“While Diane Black and her fellow conservatives are waging a battle to stop President Obama from raising taxes on all Americans and pushing our economy over a cliff; at home in Tennessee Lou Ann Zelenik is waging her own war in false attacks on Diane Black to divert attention from the fact that she has a record of supporting tax increases,” said Black spokesman Jennifer Baker. “One thing is certain Lou Ann Zelenik is crazy if she thinks people will ignore her record of supporting tax increases. She’s definitely not as conservative as she would like people to believe.”
Zelenik who has run for office three previous times has a shameful record as a career politician. She ran for State Senate and failed. She then ran for County Chairman and won, only to support tax increases during her tenure. Zelenik then ran for Congress and lost. Zelenik’s last failed campaign for Congress was one of the dirtiest campaigns in Tennessee history. The attacks she launched on her opponent, Diane Black, were so false that Zelenik’s advertising team settled out of court; paying a monetary settlement and admitting that the negative attack ads they produced for Lou Ann Zelenick had no factual basis and they had no knowledge of any unethical behavior.
“Lou Ann’s Zelenik’s record as a career politician is shameful. Not only does Zelenik have a record of supporting tax increases; she is a two time loser who has stooped so low in the lies that she spreads about her opponents that her campaign team was forced to settle out of court and admit that the attacks were baseless and to their knowledge false.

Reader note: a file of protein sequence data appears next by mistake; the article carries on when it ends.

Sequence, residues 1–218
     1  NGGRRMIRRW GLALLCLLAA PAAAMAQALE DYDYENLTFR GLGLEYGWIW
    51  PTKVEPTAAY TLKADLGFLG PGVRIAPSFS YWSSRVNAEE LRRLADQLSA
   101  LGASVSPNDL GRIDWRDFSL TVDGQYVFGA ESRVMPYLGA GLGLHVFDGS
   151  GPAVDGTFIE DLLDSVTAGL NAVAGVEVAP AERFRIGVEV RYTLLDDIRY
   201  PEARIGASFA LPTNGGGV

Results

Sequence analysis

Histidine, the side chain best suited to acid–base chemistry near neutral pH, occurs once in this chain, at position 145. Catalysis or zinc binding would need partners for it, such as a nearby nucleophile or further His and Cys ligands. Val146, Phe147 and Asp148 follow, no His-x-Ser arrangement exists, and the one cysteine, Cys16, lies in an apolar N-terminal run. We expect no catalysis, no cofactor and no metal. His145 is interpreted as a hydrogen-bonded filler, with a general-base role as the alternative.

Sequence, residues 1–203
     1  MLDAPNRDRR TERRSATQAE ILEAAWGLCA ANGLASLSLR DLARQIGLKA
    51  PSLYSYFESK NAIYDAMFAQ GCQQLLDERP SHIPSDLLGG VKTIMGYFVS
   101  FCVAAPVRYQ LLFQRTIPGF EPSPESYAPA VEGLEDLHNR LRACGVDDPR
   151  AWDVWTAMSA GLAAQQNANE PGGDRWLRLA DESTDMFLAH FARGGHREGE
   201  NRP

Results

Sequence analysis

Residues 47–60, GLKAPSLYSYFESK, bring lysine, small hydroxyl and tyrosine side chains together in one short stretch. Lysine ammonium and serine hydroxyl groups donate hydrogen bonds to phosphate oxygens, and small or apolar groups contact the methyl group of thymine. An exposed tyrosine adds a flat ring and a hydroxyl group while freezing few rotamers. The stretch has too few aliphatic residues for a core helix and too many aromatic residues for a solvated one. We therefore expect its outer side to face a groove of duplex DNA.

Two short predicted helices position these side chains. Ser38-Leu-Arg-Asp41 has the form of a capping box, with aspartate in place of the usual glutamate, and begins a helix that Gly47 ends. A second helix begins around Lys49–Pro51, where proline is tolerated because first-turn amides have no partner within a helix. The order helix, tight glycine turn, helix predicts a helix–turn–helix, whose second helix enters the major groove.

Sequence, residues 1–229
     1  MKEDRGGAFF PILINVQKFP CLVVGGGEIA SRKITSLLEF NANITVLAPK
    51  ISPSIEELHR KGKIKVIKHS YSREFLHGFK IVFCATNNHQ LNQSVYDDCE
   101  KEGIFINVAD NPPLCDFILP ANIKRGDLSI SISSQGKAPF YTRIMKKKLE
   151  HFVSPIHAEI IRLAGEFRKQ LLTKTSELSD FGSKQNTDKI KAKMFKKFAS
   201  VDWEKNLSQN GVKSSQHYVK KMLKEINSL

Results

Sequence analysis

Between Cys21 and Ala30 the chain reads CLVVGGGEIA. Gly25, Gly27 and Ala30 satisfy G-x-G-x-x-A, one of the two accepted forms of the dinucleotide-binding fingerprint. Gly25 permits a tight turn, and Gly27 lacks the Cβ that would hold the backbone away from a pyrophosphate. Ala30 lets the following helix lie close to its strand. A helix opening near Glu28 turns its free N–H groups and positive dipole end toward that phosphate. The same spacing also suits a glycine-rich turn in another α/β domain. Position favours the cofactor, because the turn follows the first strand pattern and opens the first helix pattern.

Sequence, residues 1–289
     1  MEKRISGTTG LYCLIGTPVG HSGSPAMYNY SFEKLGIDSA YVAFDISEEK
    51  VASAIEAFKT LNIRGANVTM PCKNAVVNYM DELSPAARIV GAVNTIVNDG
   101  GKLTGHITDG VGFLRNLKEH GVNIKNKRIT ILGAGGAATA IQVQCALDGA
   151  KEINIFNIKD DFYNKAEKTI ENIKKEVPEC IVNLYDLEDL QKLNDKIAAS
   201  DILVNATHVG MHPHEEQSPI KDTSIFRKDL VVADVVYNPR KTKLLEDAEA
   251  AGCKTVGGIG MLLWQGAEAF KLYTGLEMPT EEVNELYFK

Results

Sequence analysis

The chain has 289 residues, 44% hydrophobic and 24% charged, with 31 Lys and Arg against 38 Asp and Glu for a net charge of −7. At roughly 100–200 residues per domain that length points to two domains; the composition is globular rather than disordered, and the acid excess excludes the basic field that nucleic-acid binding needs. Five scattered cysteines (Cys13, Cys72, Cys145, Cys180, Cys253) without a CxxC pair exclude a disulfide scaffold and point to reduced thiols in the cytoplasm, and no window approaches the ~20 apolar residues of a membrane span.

Lou Ann Zelenik Defended Property Tax Increases In Rutherford County:
Lou Ann Zelenik Publicly Supported Property Tax Increase In Rutherford County. “Although the mayor has called for freezing open government jobs and pay raises and streamlining health insurance costs, Burgess recommended a 6.8 percent property tax increase this year at a time when sales and development taxes are down and rainy-day funds are down to minimum levels. The County Commission approved a 17.5-cent increase for a new property tax rate of $2.735 per $100 of assessed value. Zelenik, though, said Burgess made the right decisions.” (“Ballot battles already forming,” The Daily News Journal, 7/20/09)
Zelenik Defended Tax Increases As “Difficult Choices.” “Zelenik said Burgess has faced funding issues for a growing county, especially to pay for school construction. ‘He’s been put in a position of trying to respond to the needs of the students and the needs of the taxpayers, and sometimes difficult choices have to be made,’ she said.” (“Ballot battles already forming,” The Daily News Journal, 7/20/09)